There’s no greater disability than central planned charity.

  25. I am Spartacus

    Spartacus has youngish children so has no life. What are the rest of you doing blogging on a Saturday night?

  26. Marcus

    As for politics. Well. For every Lee Rhiannon NSW has produced, we have a conga-line from SA and TAS. Xenophon, Hanson-Young, Lambie, Wilkie, Kakoschke-Moore, Whish-Wilson, Abetz, Pyne and Ellis just from the current sitting crop.  Brian Harradine anyone?  Let’s not even mention WAs contributions such as Christabel Chamarette and Dee Margetts.

    Mike Baird, Trent Zimmerman, Jason Falinski, Marise Payne, Arthur Sinodinos, Alex Hawke, Craig Laundy, and the two whose names I forget who just got elected at by-elections.

    And that’s just from your conservative party over there.

    Not sure what you’re getting back in the GST stakes, but when it hits the thirties, we’ll talk.

  27. I want Vauclusexit. We carry the whole nations budget on our backs.

    Vaucluse is not on its own. It is never ending. The newly announced (starting July 1) NSW Fire & Emergency Services Levy will be a fixed amount to a base level, & thereafter a “progressive” tax based on land value.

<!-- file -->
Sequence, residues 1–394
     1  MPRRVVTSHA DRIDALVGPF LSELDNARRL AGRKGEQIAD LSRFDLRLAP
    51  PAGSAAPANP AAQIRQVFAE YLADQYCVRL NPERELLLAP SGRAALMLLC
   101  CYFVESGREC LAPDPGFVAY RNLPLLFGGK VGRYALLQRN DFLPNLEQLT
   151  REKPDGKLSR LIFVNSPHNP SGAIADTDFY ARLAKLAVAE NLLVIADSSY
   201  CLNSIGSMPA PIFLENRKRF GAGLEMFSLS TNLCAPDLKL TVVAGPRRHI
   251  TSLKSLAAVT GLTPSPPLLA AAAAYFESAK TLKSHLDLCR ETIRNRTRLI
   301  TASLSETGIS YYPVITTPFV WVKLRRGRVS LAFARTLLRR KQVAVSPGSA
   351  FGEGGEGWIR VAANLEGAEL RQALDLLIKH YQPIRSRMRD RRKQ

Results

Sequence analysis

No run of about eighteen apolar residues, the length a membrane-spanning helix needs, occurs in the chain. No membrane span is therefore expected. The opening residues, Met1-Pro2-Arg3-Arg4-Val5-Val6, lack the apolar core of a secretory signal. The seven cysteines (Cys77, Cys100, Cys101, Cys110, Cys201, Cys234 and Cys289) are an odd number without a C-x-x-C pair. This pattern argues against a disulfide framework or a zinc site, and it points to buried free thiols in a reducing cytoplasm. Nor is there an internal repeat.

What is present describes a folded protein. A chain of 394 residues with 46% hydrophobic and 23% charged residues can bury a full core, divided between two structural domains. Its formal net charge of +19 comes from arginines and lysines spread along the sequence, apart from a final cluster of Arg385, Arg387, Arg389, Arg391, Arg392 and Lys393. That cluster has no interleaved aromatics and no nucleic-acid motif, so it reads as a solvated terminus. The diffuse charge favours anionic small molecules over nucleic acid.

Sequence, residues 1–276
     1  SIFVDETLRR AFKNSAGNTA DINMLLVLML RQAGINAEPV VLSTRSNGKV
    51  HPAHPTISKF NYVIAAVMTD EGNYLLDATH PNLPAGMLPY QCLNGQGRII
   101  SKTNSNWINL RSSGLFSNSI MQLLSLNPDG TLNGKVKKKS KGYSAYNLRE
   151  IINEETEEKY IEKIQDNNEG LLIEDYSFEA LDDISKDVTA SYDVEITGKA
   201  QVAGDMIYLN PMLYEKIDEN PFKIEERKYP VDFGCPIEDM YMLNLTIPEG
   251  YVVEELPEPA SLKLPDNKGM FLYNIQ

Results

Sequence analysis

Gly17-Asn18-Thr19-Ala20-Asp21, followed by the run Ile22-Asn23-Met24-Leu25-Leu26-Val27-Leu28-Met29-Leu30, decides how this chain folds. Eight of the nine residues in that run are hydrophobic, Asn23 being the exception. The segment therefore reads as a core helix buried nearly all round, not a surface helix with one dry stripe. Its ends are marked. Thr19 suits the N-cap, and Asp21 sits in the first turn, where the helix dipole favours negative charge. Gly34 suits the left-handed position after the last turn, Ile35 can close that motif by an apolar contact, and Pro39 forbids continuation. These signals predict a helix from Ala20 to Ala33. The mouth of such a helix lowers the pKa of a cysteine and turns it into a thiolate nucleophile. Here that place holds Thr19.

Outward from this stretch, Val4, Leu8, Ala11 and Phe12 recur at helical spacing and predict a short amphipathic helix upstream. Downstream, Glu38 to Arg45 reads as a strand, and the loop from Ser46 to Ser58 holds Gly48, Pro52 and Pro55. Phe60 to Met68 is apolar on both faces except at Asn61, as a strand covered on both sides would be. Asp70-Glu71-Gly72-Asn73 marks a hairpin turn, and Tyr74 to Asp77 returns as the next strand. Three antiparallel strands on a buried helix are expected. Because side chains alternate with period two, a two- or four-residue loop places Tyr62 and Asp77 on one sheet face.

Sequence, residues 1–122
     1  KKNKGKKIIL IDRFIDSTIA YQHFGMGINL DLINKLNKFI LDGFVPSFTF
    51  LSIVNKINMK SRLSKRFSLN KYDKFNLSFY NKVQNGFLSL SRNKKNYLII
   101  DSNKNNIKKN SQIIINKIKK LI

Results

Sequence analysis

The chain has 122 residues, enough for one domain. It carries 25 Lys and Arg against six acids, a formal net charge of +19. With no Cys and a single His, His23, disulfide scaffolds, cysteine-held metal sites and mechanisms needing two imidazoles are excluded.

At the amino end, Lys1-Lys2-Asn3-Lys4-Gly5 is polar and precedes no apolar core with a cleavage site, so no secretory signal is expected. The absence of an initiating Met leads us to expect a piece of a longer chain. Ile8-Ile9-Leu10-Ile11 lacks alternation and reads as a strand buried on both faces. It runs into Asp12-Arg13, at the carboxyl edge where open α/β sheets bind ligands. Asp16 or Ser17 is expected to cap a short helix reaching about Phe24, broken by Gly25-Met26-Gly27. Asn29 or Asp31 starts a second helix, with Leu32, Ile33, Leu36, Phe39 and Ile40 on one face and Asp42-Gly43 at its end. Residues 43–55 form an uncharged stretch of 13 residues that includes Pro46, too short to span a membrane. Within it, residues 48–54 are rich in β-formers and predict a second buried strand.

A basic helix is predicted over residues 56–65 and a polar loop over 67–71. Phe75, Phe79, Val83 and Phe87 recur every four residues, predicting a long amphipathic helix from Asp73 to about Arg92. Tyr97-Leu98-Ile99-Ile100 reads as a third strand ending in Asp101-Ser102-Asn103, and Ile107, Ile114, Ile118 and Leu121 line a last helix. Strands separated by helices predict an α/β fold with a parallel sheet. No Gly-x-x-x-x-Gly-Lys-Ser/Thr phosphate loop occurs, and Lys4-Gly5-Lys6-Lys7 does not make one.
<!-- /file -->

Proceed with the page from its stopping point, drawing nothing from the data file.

Thus – another slug based on perceived “wealth”.

  28. Megan

    Good post Spart but you’re being very optimistic about CFMEUistan. As a resident I can assure you that Dan the sockpuppet has us heading for mendicant status at close to the speed of light.

    Sigh. Too, too true.

  29. Tel

    Vaucluse is not on its own. It is never ending. The newly announced (starting July 1) NSW Fire & Emergency Services Levy will be a fixed amount to a base level, & thereafter a “progressive” tax based on land value.

    In theory your insurance premium should go down, as your council rates go up. Be sure to raise the dead when that fails to happen.

  30. classical_hero